The topic of group work came up several times recently in my discussions with faculty and I noted hearing the same things from faculty as I heard from students: Everyone hates group work; or we hate group work for some very specific reasons. This gets me to some thoughts on how we can get past that hurdle by defining expectations, group accountability, and by deriving value from failure.
In several face to face classes I taught recently I explored why students had negative reactions to group work. So I asked students to engage in the following exercise (this could also be done in an online Wiki):
- Write down everything you hate about group work for two minutes.
- Write down everything you enjoy or find valuable about group work for two minutes.
- Discuss your findings in groups of three or four
- Share responses (both positive and negative)
The fun thing about this exercise is that students had a rather concise list of things they hated about group work that included:
- group members not showing up for meetings,
- members not putting in the same effort,
- members dropping out of the group,
- one member dominating the group because they don’t trust the other members and,
- members not following through on their promises.
Students also had a rather short and consistent list of things they valued in group work including seeing things from another perspective:
- pooling members’ strengths and expertise
- mutual support.
From there we could see that we shared similar assumptions about what we valued and did not like about group work and could focus on providing each other what we valued and avoid the pitfalls of group work.
Going along with surfacing expectations, accountability can also contribute to a successful group experience particularly if group members are accountable to one another. Periodic peer assessments can help members stay on track and give faculty a heads up if individuals are letting the group down. The assessment does not have to be punitive and can even be a tremendous help if faculty shift delivering the assessment of low performance to a student away from “you are letting others down!” to “how can we aid your performance?” as it opens the door to providing a student who may be in trouble additional assistance.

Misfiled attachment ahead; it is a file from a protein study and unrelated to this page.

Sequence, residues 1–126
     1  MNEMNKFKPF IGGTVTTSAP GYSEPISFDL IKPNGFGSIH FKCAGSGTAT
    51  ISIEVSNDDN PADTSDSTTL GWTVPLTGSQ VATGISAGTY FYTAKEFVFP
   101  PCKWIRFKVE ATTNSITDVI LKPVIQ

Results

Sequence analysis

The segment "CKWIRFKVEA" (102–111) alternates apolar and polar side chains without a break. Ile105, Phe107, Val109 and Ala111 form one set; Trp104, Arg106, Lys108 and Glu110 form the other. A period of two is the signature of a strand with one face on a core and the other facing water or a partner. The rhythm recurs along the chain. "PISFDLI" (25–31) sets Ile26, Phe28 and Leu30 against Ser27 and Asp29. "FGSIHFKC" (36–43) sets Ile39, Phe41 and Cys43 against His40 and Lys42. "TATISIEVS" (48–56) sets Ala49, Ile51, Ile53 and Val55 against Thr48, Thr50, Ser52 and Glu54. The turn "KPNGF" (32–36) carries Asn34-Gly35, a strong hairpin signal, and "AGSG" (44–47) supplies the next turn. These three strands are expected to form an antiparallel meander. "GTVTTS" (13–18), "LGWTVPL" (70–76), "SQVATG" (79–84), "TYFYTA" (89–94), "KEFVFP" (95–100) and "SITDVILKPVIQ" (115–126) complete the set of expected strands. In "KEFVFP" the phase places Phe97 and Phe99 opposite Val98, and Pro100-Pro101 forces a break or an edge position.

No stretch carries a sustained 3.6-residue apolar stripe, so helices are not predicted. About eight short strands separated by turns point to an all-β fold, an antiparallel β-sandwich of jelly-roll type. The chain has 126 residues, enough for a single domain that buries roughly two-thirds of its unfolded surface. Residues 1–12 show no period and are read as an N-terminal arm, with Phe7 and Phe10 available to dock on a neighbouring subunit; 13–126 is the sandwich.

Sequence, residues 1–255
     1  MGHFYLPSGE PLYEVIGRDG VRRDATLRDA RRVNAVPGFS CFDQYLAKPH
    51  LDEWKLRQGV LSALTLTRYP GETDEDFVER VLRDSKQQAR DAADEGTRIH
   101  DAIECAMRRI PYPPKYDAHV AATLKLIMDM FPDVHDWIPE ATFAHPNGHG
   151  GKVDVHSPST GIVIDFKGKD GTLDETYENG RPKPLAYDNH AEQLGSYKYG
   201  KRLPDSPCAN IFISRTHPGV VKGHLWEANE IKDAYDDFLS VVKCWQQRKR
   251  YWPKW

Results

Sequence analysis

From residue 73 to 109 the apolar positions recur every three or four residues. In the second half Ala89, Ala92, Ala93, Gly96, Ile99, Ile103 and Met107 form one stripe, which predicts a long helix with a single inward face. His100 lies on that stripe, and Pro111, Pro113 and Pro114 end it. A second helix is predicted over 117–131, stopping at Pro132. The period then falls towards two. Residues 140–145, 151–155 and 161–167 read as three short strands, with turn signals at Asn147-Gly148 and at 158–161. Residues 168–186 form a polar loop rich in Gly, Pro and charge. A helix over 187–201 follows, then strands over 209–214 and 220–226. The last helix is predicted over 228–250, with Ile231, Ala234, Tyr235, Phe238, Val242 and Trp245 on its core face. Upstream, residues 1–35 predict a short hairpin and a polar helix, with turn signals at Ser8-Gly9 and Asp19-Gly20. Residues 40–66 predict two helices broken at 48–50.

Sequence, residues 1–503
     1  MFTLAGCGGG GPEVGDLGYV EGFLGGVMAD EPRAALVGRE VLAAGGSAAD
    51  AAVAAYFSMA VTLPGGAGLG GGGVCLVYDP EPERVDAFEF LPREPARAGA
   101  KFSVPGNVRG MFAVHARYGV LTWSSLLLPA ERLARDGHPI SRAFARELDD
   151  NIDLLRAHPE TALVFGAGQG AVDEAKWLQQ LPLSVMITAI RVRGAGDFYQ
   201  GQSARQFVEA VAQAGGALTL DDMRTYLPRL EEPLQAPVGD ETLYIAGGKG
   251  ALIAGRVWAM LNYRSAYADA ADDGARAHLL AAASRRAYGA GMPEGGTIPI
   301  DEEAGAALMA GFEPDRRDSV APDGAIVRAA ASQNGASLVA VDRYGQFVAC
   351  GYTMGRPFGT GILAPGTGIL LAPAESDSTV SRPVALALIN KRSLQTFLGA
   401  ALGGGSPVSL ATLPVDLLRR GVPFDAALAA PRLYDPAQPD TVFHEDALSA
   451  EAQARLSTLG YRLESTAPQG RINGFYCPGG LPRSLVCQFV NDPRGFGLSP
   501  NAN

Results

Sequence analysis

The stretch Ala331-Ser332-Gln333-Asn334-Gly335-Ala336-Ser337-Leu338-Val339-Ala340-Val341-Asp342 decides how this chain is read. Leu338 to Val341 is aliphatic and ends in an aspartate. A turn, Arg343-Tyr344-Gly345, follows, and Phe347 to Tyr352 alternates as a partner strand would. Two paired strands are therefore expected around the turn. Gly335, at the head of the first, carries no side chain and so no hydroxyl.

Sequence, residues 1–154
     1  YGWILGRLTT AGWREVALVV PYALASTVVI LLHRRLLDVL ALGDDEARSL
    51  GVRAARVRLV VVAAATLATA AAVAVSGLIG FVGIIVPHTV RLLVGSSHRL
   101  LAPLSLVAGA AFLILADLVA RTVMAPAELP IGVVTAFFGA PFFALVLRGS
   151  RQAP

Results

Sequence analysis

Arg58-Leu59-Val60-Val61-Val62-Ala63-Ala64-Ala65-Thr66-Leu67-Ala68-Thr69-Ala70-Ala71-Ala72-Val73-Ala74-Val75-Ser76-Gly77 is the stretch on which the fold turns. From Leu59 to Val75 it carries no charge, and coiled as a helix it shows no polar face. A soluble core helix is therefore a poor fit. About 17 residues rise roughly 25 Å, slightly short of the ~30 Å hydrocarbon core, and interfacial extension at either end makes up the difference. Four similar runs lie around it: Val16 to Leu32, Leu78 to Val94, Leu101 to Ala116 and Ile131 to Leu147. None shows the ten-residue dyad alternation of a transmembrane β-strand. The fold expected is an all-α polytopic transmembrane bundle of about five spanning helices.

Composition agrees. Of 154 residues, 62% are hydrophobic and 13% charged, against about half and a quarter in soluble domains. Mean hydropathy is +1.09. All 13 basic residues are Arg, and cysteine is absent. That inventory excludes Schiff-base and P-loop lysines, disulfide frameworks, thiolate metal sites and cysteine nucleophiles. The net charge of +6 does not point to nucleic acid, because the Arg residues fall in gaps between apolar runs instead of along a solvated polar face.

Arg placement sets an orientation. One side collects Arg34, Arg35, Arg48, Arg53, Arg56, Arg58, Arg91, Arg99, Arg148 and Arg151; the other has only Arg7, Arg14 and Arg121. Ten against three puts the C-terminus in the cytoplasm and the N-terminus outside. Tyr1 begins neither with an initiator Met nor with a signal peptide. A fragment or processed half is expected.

Of course, raising expectations and providing peer assessments does not guarantee success of a group and that is where failure comes in. We can all point to group experiences where we as faculty voiced expectations for groups, provided peer assessment intervals, and even periodic check-in sessions between groups and faculty and a group still underperformed and waited until the last minute for the mad scramble to a finished and sub-optimal result. I even recall several groups stating to me that they recall I had told them they should create a schedule, meet regularly, and create benchmarks yet didn’t believe it was all that important to do so. After their uncomfortable experience they now understood the importance of staying on task.
That got me thinking that those frazzling group experiences have tremendous value. Students get to experience the panic and discomfort of a poorly performing group in order to learn to do something different. After all, isn’t learning what doesn’t work and trying something different in the future part of the learning process?
So, don’t give up on group work. Setting expectations and arranging for accountability can help create positive group experiences. Even if a group fails, members and faculty can learn something from the process and apply those lessons to later efforts.